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Dr. Sulaiman Al-Hattlan: It’s the Age of Obama!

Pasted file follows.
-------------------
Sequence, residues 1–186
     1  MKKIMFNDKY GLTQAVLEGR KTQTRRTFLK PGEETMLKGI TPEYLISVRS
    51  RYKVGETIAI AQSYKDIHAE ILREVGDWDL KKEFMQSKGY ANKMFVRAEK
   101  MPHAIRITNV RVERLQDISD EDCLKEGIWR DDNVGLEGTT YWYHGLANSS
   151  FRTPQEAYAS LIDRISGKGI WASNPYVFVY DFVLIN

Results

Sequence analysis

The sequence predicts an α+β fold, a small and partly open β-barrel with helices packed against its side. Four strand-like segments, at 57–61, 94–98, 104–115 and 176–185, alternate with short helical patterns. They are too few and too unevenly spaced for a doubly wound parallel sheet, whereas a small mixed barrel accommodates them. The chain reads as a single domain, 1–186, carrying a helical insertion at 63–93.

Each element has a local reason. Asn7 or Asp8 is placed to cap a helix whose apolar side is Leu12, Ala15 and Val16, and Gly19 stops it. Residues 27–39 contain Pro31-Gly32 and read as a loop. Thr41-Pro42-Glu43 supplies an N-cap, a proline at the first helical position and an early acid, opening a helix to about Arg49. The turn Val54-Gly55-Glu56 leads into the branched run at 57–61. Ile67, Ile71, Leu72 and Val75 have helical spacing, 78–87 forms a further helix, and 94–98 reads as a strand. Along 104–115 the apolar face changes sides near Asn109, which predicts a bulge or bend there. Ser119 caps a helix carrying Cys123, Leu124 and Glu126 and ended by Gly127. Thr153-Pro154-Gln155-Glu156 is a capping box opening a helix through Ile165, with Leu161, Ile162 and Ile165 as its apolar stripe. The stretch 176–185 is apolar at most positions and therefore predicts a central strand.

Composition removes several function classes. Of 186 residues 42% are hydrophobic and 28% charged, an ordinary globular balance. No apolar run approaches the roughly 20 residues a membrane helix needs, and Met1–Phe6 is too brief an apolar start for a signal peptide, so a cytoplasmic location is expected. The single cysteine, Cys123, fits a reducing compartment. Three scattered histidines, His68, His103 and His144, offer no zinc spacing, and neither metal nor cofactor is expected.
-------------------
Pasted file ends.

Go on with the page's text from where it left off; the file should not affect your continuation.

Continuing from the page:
If you have ever lived in Washington, DC, you will clearly see, if you visit these days, that America is living in a new era—the Obama era. America is changing, and American society, with its lively and ever-renewing nature, is renewing itself yet again. Today, you barely can find a table in a restaurant or café that doesn’t have a political discussion underway with Obama’s name in it. Sharp criticism of the last administration is now explicit optimism for the new administration. There is a consensus, in most of the circles I visited in Washington, that “change” is the theme of the current period. This change, led by Obama from the moment he launched his campaign, “Yes, we can,” was not purely a political need for America necessitated by the circumstances of world affairs. It also has resonated with the transformation of American society—stages of change, renewal, and self criticism. America’s demographic composition is also different than ten years ago. Spanish is forcing its way next to English in most of the places I saw in my recent visit. Americans’ colors, features, and accents are diverse but harmonious in daily life, as if Barack Obama formed a new symbol for uniting America in face of the internal and external challenges. In the 1990s, I lived for six years in Washington, whose corridors continue to witness the creation of the most important world decisions. Back then, there was seldom a day that passed without someone asking me, "where are you from"? In my recent visit to Washington, for a whole week, not a single person asked me that question or about my ethnic heritage. With the current economic crisis and the optimism about the Obama era, which has just begun to unite the America body politic, it’s as if this society today is constantly challenging itself, to prove for itself and for others that America can rise again, rid itself of and solve the crises of the previous administration. All indicators call for optimism and are promising, as are all of Obama’s speeches so far. Nevertheless, the honeymoon is almost over, and it’s time for the difficult confrontation with reality, in all dimensions and issues. There is nothing easier than doling out promises in occasional speeches or television interviews. Translating promises into a plan of action on the ground is the litmus test for sincerity of the promises and the success of the plans. A senior Obama advisor asked me about my “impressions” of the current American administration. I answered in a language filled with optimism for Obama’s promises and the symbolism they’ve conveyed for change and accomplishment. Why not? After all, the American president, since his inaugural speech, has been extending his hand to Arabs and Muslims. The arrogant, condescending language of the previous administration has been replaced with humility, respect, and interest in bringing peace to a region that did not see it for decades. But, the party is almost over, and tomorrow is a new day. Some of the people I met in Washington are afraid that the Arab world may miss one of the best opportunities that ever happened. Some people see Obama’s talk of positive openness with the Arab and Muslim worlds, not as part of America’s honeymoon pleasantries, but as a set of strong beliefs held by the new administration—a new understanding, born of global circumstances, particularly America’s long failures in dealing with Arabs and Muslims, especially during the previous administration. Many Muslims offer as an example the way Barack Obama dealt with Israeli Prime Minister Benjamin Netanyahu, in his recent visit to Washington. A friend of mine, close to decision-making circles in the State Department, told me that Barack Obama is a president who reads deeply and understands how his administration should deal with international issues—the most important of which is achieving genuine peace between Israelis and Arabs. My friend said that the president is quite aware of the Israeli style of haggling and postponing issues and laying blame on the Palestinians. Today, Arabs are concerned, more than ever before, with reciprocating the positive stances taken by Barack Obama, before Netanyahu and his supporters in Washington succeed in convincing the new administration that Arabs do not deserve peace or trust! In Washington today, there’s an all but unanimous consensus that Obama is a strong figure who knows well what he needs. There are many who misjudged him and were surprised by his continuing successes. Most prominent among those who misjudged him was his former rival in the presidential campaign, Hillary Clinton. So should we, in the Arab world, try to give Washington the benefit of the doubt this time and get closer to that administration, with trust, candor, and clarity, and offer on the table our worries, views of our conflict with Israel, and our fears of the Iranian threat? The American president’s team is quite busy these days, preparing the speech to be given by the president in Cairo on June 4. What new ideas will the president say to the Arabs and Muslims? The “Arab street” is sick of lengthy, ornate political speeches. For decades, many Arab leaders did not spare any effort pumping fake promises of reform, fighting corruption, and coping with social concerns. Still, it never rained, and the dust never settled. So, with the multitude of big worries that besiege the Arab world today, “goodwill” from the current American administration, or anyone else, is not enough. After awhile, the speeches of the American president to the Arab and Muslim worlds become just good “talk,” unsubstantiated on the ground. My Washington-based friend, Brian Rich, asked me: "why you are not enthusiastic about Obama’s speech in Cairo in a few days"? I answered, borrowing the famous phrase of the American actor, Cuba Gooding, in the 1996 movie, Jerry McGuire: “Show me the money!” There is nothing wrong in encouraging Obama’s first steps and his continuous pursuit to open a new page of mutual understanding with the Arabs and the Muslims, but we have the right to ask: “Then what?” Dr. Sulaiman Al-Hattlan was born in Saudi Arabia and lives in Dubai where he is Chief Executive Officer of the Arab Strategy Forum and an adviser to the Mohammed Bin Rashid Al-Maktoum Foundation. Earlier he served as Editor-in-Chief of Forbes Arabia before being appointed President of the Forbes Forum on the Executive Leadership in Middle East. He graduated from King Saud University in Riyadh and completed his higher education in the United States, at Georgetown, Howard, and Harvard Universities.